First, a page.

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Obscure Players with Elite Traits?

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Old
04-19-2017, 05:49 AM
  #51
FrozenJagrt
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Quote:
Originally Posted by Sadekuuro View Post
Do you consider Marty Turco to be borderline? He was truly excellent at playing the puck.
Turco was a top 5 goalie in the league for a solid stretch.

Has Rico Fata been mentioned?

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Old
04-19-2017, 07:15 AM
  #52
Theokritos
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Quote:
Originally Posted by Shootpuck View Post
Sami Salo was known for his slap shot.
Sami Salo? I think he was a bit too good to be called an obscure player, no?

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Old
04-19-2017, 08:23 AM
  #53
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Steve Tambellini could skate around and dipsy-doodle with the best of them. He'd deke three players just to trip over the blue line, pass to no one or have the puck hop over his stick. So much awesome... so little follow through.

Jiri Slegr had an amazingly hard and amazingly inaccurate slap shot. I think, towards the end of his career, he started getting it down below head level. I still remember him hitting teammate Jason Arnott in the face with a shot, and having the tv commentator say something like, "well, that was bound to happen eventually".

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Old
04-19-2017, 10:00 AM
  #54
vadim sharifijanov
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Quote:
Originally Posted by Shootpuck View Post
Mathieu Dandenault. Really fast skater.

Sami Salo was known for his slap shot.
Quote:
Originally Posted by Theokritos View Post
Sami Salo? I think he was a bit too good to be called an obscure player, no?
is sami salo obscure? not now, but ask the same question five years from now and we'll see how well history remembers him.

he was my first thought for this thread too. i think guys like dandenault, rico fata, they were extremely fast skaters, but they weren't especially good skaters, like todd marchant or bret hedican, who could put that speed to good use. and they certainly weren't great skaters, like bure or orr or connor mcdavid.

similarly, jiri slegr: gigantic shot, couldn't hit the net. a skills competition type skill, but was he really an elite shooter? whereas sami salo had an elite slap shot. he got it off quickly and effectively, he could keep it low, always hit the net, just a great point shot. if naslund or the sedins found him open near the bottom of the circle and he had a clear shot, that puck was in the back of the net before you finished blinking.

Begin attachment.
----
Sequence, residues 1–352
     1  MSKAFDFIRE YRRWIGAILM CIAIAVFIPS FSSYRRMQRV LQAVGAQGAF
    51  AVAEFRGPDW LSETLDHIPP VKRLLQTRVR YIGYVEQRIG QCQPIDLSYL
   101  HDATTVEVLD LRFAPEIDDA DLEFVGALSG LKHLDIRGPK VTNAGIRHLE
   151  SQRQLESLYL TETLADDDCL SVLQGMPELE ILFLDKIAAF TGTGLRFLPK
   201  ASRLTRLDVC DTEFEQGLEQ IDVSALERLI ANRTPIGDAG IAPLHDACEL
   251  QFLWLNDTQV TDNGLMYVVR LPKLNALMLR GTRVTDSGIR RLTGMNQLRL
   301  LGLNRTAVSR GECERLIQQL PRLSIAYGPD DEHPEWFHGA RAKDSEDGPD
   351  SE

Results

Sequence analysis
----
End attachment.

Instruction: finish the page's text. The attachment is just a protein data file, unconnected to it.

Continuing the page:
on shooting ability alone, you could pretty fairly say that salo was just as good as shea weber or sheldon souray or adrian aucoin or any of those big PP shooters. but salo wasn't an elite PP player, despite that elite skill, because he lacked the all-round offensive game of a rob blake or a weber, and definitely he wasn't in al macinnis' league. so you defended the shot because the rest of his arsenal on the point was limited. i think that makes him a perfect answer for this thread.

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Old
04-19-2017, 10:01 AM
  #55
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Quote:
Originally Posted by DisgruntledGoat View Post
Is there an example of a borderline goalie who could handle the puck like Brodeur? I feel this is an obvious category we should have an example for.
Quote:
Originally Posted by Sadekuuro View Post
Do you consider Marty Turco to be borderline? He was truly excellent at playing the puck.
Quote:
Originally Posted by FrozenJagrt View Post
Turco was a top 5 goalie in the league for a solid stretch.

Has Rico Fata been mentioned?
agreed that turco is way too good for this thread. i think the borderline goalie with elite puck-playing ability you're looking for is rick dipietro.

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Old
04-19-2017, 10:09 AM
  #56
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Quote:
Originally Posted by GMR View Post
First name I thought of is Yanic Perreault. I believe he's the best faceoff taker ever since they began keeping that stat.

How about Chad Kilger? Didn't he once shoot a puck well over 100 MPH in some team skills competition?
Kilger is more the kind of player who had some very good traits but one terrible trait which made him was he ultimately was.

Quote:
Originally Posted by Shootpuck View Post
Mathieu Dandenault. Really fast skater.

Sami Salo was known for his slap shot.
Yep for Dandenault.

Quote:
Originally Posted by Passchendaele View Post
Totally forgot Sheldon Souray.

He was a pylon in his MTL days, but had a bullet of a shot, hence how he scored 26 goals in a season.
Souray was actually pretty good defensively until the right to hook, clutch and grab was taken away from him.


Another who wasn't exactly obscure but who was VERY good at something that's a little random, but not so much considering it involved scoring goals and that he once scored 46 in a season : Brian Gionta is absolutely elite at batting pucks in mid-air.